When young people are given the opportunity to discuss issues that truly matter to them without being ridiculed or dismissed, they build resilience. They learn to trust others to listen and have more confidence that their needs will be met. Giving children the privilege of growing up in a climate of kindness and respect will go a long way to solving the problem of kids wanting to kill off their teachers and classmates. And, in the case that someone is left out, at least that person’s classmate will be more inclined to report him to school administrators, who will listen and will take appropriate measure to prevent an act of violence.

Peace begins at home. Let’s work to hear what all of our children are saying. Let’s practice kindness and acceptance, beginning with each other and each child. We can arm our children with the skills of emotional competence so we don’t need to build an arsenal in our schools and our homes.

To your joyful parenting!
Kim

17 Aug

Why Punishing Kids Doesn’t Work & 3 Steps to Finding Solutions to Problem Behaviors

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Many adults complain that parents ignore or excuse kids’ rude behaviors and don’t punish them enough. “Today’s children are entitled” “They tyrannize their parents.” Parents should teach them a lesson, they say, by giving them tough consequences––a good slap, scolding, or time-out.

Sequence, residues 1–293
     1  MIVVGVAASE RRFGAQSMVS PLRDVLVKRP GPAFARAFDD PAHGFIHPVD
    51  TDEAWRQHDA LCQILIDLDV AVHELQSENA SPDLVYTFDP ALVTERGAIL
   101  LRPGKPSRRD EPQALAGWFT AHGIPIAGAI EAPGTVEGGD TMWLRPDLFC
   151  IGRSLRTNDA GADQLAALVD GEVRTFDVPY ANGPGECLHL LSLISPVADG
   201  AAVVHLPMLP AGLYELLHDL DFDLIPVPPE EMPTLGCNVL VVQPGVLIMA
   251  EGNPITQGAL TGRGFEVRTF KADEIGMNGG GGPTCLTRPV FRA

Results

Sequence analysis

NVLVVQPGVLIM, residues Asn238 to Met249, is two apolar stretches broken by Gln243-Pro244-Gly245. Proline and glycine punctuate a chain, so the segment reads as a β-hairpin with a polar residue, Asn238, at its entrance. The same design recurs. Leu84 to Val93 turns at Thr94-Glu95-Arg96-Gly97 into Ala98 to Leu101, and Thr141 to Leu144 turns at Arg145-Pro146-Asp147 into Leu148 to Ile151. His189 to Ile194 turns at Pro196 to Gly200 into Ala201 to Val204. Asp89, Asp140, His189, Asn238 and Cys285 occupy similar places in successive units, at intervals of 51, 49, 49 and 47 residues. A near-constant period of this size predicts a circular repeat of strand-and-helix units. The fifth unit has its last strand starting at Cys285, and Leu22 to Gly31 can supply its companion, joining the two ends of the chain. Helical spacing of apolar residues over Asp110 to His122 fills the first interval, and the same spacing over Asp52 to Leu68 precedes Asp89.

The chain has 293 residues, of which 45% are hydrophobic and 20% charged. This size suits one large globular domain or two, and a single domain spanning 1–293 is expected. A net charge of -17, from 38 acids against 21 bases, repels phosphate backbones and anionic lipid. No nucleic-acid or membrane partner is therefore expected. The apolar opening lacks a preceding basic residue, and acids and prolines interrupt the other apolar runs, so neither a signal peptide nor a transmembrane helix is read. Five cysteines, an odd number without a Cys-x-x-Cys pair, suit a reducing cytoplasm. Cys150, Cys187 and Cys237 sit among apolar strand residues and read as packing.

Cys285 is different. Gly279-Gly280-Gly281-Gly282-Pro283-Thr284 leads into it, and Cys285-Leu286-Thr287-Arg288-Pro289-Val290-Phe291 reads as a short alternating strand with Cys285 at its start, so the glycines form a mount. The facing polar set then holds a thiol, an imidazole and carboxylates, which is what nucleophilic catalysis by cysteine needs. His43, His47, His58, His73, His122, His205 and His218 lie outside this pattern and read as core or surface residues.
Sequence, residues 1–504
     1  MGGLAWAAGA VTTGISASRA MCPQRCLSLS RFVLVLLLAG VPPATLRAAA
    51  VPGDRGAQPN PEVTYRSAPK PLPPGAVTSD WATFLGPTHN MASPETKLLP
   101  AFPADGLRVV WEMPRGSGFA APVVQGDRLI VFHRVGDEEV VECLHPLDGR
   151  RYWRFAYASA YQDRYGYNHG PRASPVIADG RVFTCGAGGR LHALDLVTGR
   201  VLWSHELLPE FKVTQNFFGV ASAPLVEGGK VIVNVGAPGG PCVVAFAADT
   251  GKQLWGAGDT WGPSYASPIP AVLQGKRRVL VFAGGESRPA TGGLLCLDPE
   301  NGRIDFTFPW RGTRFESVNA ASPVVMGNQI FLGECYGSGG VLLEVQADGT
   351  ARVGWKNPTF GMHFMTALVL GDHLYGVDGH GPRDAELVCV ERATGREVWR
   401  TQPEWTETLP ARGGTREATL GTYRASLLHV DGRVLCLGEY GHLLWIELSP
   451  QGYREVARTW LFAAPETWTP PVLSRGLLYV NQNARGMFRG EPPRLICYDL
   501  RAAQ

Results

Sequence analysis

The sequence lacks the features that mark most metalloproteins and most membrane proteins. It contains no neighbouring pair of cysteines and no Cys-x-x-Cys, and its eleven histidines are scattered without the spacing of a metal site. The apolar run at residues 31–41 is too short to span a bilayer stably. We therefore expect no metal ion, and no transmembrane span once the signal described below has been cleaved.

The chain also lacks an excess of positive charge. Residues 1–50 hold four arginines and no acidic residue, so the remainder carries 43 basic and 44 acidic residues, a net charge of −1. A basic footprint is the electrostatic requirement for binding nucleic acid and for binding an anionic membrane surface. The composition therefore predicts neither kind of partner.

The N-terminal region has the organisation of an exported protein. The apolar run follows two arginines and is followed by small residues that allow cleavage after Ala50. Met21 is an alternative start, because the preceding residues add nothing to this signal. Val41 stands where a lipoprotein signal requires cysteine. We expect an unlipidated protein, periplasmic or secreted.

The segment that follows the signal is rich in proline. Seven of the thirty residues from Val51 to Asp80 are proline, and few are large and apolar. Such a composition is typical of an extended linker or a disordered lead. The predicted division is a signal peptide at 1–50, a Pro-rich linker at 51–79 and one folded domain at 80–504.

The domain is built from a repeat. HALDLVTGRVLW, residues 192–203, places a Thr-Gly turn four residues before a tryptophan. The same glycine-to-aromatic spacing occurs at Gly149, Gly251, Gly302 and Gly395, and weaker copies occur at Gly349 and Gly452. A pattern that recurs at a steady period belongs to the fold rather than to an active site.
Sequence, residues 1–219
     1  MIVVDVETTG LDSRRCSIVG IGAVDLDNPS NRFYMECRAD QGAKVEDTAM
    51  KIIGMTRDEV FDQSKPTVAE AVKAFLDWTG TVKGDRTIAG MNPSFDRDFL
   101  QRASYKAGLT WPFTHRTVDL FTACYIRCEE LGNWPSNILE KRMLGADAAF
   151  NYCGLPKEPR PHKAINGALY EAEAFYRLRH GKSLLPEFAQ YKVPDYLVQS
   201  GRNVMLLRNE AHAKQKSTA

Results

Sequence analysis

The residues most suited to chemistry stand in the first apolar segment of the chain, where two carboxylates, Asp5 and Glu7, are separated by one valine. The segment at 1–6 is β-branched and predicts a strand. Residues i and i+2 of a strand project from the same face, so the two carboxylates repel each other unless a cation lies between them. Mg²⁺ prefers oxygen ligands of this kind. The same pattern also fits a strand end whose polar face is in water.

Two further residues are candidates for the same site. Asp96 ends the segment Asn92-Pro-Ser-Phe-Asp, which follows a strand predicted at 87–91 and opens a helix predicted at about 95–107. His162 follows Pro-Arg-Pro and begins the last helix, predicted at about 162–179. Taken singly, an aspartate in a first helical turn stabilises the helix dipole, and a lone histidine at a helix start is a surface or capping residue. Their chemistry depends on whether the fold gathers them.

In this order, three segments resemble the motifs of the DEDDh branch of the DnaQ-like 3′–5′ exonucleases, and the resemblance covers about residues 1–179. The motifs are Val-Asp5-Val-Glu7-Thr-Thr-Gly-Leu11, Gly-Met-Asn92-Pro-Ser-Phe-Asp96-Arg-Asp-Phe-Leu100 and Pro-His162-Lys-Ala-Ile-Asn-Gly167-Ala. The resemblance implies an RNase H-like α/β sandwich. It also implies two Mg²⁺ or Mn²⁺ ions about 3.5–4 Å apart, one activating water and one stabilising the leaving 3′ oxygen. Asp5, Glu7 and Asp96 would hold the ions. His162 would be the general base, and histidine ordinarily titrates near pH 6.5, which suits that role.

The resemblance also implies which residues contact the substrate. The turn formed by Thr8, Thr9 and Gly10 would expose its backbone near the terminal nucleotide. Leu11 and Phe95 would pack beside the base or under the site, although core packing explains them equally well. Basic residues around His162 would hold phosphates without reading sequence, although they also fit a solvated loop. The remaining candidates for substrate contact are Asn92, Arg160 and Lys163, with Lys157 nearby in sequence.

I disagree. Punishing isn’t the most effective way of delivering a message of respect or responsibility. Here are some reasons:

  1. Criticism, shaming, and blaming do nothing to teach children how to cooperate and be accountable. Not that a parent should condone the unruly or disrespectful child’s behavior. Far from it. You should be firm about what is acceptable and what’s not. Help your kids be open to learning by approaching them from a place of kindness and respect, not anger and retribution. When you hit or yell at a child for being disrespectful, you’re relying on physical or emotional pain to be the teaching mechanism. True, your kids will remember the pain, but it won’t teach them the long-term life lesson you’d like it to.